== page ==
ASP.NET web development framework

Common Core

Assigning Ports

A simple Kestrel application with default settings always binds to port 5000 for HTTP and port 5001 for HTTPS. Because the ASP.NET Core has no TCP port sharing, as in the original .NET framework, the port is now busy and not available for other processes. Also, the .NET runtime does not implement a mechanism to increment TCP ports automatically when other applications start on the same machine. Therefore, you have to keep track of the port assignments yourself and, if possible, store them in the configuration file of your Visual Studio project so that you don't have to rebuild the application every time you make changes. This characteristic of Kestrel is not Linux-specific, but also applies to Windows.

In professional use, you will of course run several applications on the same server, and in the best case, they should all be accessible on the standard HTTPS port 443. Additional security features such as pre-authentication or content caching, which Kestrel lacks, are also essential in enterprise scenarios. This is where true web servers like Apache, Nginx, or (on Windows) IIS come in, which you can add to Kestrel to gain the missing features.

In this way, the Kestrel instances can be operated as a kind of mixture of application pool and web worker. The upstream web server handles the requests and forwards them to the correct Kestrel instance on the respective port. This mode of operation is known as "reverse proxy." TLS processing can also be offloaded to the full-fledged server in this way, which is especially valuable if the TLS certificates to be used change frequently or if you want to deploy the application to a large number of machines. In this case, you only need to maintain the certificate for all application instances of a web server on the frontend server. However, communication between the frontend web server and Kestrel instances takes place without encryption, which is normally not a good choice.

Hosting Models for ASP.NET

The origin of ASP.NET in the IIS universe is illustrated by the two models that IIS provides for hosting ASP.NET core applications:

  • The out-of-process hosting model works exactly as outlined above and is very well suited for applications that you want to run on Linux and IIS. Here, IIS simply routes client requests to the Kestrel application, with no need to customize the application itself, because IIS integration is configured in the release properties.
  • The in-process hosting model involves running the ASP.NET Core applications in an IIS (Application Pool) worker process. The Windows Process Activation Service (WAS) is responsible for control. Here, you have to adapt the source code of the application to be hosted on, instead of downstream of, IIS. To do this, you set additional configuration options in the Host Builder that have no function outside of IIS.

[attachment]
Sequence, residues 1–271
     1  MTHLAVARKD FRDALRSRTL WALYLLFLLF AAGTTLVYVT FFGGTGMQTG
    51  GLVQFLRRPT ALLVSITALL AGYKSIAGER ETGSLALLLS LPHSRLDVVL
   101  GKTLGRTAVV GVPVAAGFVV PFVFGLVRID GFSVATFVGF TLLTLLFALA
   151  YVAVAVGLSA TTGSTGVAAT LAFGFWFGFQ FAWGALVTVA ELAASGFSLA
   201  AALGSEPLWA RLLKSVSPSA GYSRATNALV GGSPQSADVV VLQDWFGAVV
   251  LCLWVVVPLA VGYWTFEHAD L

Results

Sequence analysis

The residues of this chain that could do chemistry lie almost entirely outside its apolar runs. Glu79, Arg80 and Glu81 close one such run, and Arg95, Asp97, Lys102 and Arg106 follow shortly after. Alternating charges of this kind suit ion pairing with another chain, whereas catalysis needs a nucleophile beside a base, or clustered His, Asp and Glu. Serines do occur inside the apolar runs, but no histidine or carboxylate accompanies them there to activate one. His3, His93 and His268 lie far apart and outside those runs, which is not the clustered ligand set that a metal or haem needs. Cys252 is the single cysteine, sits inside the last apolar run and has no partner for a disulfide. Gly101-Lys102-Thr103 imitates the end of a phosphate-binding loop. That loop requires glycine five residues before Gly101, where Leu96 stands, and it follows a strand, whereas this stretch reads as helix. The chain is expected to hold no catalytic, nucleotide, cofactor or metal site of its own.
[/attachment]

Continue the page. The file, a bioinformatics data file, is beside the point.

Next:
Regardless of the hosting model, Core middleware and the ASP.NET Core module are required on the affected IIS. The necessary adjustments to the application itself and to the configuration of the IIS instance are described in detail in Microsoft Docs [4]. Visual Studio also offers the possibility of testing the development states of your ASP.NET Core application in IIS (Express).

If a special module in IIS handles the entire integration of ASP.NET Core into the web server, the frontend web server on Linux only plays the role of a reverse proxy. For the reverse proxy to handle requests correctly, additional headers (e.g., X-Forwarded-For and X-Forwarded-Proto) must be interpreted by the Kestrel application. You also need this customization if the application is delivered purely by Kestrel but is deployed with a load balancer. To do this, integrate the Microsoft.AspNetCore.HttpOverrides middleware into your project. Then, you can reference this namespace in your Startup.cs file and add the following call to the Configure() method:

app.UseForwardedHeaders(new ForwardedHeadersOptions
{
  ForwardedHeaders = ForwardedHeaders.XForwardedFor | ForwardedHeaders.XForwardedProto
});

In this article, I assume that the reverse proxy is running on the same system as the Kestrel application and is therefore trusted implicitly. Otherwise, the addresses of the trusted proxies must be added to the application.

Using an Apache Frontend

If your Kestrel application is installed on a Linux server, you can add an Apache frontend by installing the appropriate packages:

sudo dnf install httpd mod_ssl

I used CentOS 8 as an example; other Linux distributions may have a different package manager. If no SSL is required, an additional file named /etc/httpd/conf.d/netcoreapp01.conf with the content shown in Listing 3 is sufficient.

Listing 3

netcoreapp01.conf

<VirtualHost *:*>
  RequestHeader set "X-Forwarded-Proto" expr=%{REQUEST_SCHEME}
</VirtualHost>
<VirtualHost *:80>
  ProxyPreserveHost On
  ProxyPass / http://127.0.0.1:4711/
  ProxyPassReverse / http://127.0.0.1:4711/
  ServerName www.example.com
  ServerAlias *.example.com
  ErrorLog ${APACHE_LOG_DIR}netcoreapp01-error.log
  CustomLog ${APACHE_LOG_DIR}netcoreapp01-access.log common
</VirtualHost>

After subsequently restarting the HTTPD service, the application is available on port 80 tunneled through Apache. The SSL configuration follows a similar approach and is described in the official Apache documentation, along with countless books and Internet articles. The necessary adjustments to the ASP.NET Core application are documented online [5], where you will also find notes on the above-mentioned middleware packages and its integration into your source code.

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